I was debating doing a post on this in the past, but it popped up on theChristian Libertarians group on Facebook: how does the God-commanded genocide of the Canaanites in Joshua 6:20-21 square if you’re a libertarian and Christian?
The first commenter offered a good start with 5 options:
1. They deserved it. The Canaanites were horrible child-sacrificers, and God gave them years to repent before wiping them out.
2. God has the right to do whatever he wants. This is known as divine command theory. In other words, there is a giant exception in all moral absolutes: God, as author of life, has the right to take it.
3. God was like that then, but Jesus is the pattern for us now (the traditional Anabaptist or dispensationalist position).
4. God is a god of holy and righteous anger. This view boldly faces down the depiction and says that this is what God has always been like and is still today.
5. God is actually not like that and did not actually order these genocides. Rather, the authors of the Biblical books used God to justify their own violence. This response requires dropping inerrancy and this is the option I take.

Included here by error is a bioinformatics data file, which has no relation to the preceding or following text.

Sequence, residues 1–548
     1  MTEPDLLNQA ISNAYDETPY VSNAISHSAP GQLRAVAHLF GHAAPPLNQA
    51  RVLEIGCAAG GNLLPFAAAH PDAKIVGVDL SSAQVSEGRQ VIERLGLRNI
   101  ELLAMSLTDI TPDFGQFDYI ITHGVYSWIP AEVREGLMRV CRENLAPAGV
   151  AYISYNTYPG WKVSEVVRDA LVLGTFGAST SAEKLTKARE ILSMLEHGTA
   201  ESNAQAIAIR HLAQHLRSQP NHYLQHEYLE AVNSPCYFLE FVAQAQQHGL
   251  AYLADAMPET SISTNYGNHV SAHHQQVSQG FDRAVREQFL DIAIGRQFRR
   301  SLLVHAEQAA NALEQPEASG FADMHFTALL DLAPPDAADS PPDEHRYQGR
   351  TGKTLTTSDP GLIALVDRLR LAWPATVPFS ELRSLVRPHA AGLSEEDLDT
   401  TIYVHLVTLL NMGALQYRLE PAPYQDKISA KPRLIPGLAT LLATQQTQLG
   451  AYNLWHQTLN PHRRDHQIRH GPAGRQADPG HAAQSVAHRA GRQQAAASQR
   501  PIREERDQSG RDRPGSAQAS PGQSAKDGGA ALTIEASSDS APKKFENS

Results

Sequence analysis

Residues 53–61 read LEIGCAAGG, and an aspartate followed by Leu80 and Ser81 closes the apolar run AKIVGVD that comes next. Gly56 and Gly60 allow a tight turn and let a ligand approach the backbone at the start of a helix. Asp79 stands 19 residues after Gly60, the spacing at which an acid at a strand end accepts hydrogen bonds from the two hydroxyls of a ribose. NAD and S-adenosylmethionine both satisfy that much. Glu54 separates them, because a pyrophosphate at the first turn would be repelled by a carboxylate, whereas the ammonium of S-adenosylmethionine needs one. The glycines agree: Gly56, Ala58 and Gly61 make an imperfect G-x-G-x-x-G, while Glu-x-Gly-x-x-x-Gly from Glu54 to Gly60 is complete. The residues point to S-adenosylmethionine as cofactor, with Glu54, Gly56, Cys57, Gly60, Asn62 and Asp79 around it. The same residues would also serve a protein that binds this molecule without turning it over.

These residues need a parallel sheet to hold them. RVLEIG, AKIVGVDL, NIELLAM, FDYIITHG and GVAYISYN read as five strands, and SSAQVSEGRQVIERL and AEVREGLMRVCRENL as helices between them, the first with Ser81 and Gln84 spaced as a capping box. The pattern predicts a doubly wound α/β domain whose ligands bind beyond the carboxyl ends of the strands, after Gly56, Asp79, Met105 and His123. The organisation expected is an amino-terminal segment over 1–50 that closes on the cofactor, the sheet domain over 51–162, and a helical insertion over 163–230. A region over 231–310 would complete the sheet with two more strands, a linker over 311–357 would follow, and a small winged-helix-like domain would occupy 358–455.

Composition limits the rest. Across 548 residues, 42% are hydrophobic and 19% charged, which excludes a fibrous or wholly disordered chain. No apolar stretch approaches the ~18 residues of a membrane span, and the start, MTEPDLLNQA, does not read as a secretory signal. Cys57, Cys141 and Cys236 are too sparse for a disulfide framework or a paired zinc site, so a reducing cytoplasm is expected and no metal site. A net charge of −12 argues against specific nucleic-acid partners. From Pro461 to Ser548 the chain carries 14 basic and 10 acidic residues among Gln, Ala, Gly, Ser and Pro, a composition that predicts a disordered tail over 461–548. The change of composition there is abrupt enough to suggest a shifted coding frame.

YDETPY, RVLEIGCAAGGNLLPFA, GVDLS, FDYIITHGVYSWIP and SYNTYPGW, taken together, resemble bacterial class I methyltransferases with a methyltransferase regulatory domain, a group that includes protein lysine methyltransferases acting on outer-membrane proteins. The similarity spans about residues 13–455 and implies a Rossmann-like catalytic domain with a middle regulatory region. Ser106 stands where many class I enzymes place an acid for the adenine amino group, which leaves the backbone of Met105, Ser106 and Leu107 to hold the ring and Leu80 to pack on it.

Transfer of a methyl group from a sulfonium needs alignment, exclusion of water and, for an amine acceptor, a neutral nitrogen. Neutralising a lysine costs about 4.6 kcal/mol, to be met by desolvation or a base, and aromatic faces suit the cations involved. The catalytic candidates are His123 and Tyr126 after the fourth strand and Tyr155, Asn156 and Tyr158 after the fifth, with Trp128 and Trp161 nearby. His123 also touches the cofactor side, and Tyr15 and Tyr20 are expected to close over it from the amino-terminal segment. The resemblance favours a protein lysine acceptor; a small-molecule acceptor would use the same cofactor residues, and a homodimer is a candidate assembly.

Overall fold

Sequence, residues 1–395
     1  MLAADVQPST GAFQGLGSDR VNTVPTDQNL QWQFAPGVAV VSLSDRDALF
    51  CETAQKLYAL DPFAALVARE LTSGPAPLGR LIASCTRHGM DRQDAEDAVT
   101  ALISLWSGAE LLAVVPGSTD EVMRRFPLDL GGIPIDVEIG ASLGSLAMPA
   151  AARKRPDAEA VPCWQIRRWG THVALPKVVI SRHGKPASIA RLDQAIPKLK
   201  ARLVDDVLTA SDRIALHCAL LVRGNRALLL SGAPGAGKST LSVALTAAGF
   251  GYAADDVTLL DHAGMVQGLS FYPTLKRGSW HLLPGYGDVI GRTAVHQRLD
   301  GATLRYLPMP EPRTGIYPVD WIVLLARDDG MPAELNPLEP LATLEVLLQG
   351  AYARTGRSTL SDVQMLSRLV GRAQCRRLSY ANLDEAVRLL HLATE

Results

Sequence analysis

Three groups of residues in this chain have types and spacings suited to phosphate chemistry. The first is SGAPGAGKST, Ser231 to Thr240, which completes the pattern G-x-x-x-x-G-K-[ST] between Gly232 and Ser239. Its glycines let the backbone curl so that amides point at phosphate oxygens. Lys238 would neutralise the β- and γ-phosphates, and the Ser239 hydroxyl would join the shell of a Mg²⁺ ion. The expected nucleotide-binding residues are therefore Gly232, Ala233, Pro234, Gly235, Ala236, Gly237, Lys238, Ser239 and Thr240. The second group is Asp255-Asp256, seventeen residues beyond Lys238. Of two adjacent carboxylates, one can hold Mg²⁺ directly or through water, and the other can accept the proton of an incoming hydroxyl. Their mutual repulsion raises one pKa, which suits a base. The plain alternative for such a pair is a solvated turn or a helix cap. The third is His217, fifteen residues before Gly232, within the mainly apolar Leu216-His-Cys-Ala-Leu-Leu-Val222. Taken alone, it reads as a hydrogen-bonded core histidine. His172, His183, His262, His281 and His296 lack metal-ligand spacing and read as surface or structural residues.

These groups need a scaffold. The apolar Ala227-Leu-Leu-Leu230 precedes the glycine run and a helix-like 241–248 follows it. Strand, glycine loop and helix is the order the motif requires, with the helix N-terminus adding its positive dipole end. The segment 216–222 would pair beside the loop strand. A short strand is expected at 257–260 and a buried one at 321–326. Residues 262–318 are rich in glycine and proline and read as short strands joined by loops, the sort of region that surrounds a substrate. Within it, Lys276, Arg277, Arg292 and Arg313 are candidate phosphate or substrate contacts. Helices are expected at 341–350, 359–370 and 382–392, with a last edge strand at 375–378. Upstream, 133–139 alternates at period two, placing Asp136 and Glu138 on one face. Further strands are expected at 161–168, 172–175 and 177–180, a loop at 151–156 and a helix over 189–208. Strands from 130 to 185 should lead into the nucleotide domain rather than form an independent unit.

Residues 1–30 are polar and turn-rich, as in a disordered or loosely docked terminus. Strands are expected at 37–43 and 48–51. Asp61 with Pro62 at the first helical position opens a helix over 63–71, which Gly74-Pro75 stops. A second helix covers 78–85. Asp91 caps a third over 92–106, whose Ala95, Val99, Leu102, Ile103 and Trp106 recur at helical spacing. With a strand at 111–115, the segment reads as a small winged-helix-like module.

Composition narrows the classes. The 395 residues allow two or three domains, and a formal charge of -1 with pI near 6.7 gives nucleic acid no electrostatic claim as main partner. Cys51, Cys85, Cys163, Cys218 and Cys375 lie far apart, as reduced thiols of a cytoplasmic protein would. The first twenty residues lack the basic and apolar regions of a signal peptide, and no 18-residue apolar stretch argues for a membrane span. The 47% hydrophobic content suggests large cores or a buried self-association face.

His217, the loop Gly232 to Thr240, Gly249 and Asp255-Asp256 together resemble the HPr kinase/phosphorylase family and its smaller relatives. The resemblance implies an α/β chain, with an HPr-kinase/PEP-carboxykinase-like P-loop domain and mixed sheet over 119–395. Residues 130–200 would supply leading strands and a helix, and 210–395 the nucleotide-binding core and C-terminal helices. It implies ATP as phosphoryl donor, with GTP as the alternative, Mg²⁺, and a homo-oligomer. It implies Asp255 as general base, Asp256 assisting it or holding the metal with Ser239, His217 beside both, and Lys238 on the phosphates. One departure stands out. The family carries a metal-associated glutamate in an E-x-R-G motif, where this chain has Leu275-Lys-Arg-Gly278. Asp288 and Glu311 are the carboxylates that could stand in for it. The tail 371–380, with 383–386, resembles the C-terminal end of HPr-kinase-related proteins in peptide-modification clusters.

I disregard #5 completely. There’s no basis, save for someone’s own personal feelings on the matter, to discard one divine command as opposed to another.
Though I don’t care too much about offering materialist reasons for God’s commands or self-directed actions, here was my two cents:
What about this:
God owns everything, so he reserves the moral right to evict or use force to defend His property from agents He deems trespassers.
If you consider God as the ultimate landowner then this makes plenty of sense, though it’s not quite as strong since we don’t know in what manner He dealt with the Canaanites to begin with. He may have given them “every chance” or no warning at all. Given what we know of God in the Old Testament, the former is “in character” but the latter is not impossible.
I like #1, personally. God can do whatever He damn well pleases. He owes us nothing. If anyone has a problem with this, what exactly do you plan on doing about it?
Let me put it another way, if any skeptics are reading this. Let’s pretend the God of the Old Testament exists as described. What reason would God obligate Himself, as a being (the only being, in fact) that can “account for all things,” towards any other moral agent? And as a being that can in fact account for all things, would someone with such limited capacity be able to apprehend His reasoning?
It follows logically that the obligation is non-existent as a matter of necessity. He could or could not obligate according to His discretion. And if He chose to reveal His reasoning for not obligating Himself, we would not be able to comprehend it.
Acknowledging this can be labelled as “having a healthy relationship with ultimate reality as someone considers it,” or some such. That comes with the package of believing in the God of the Bible, and that package includes things that aren’t very pleasant to material-oriented minds. I can’t figure any other way around this.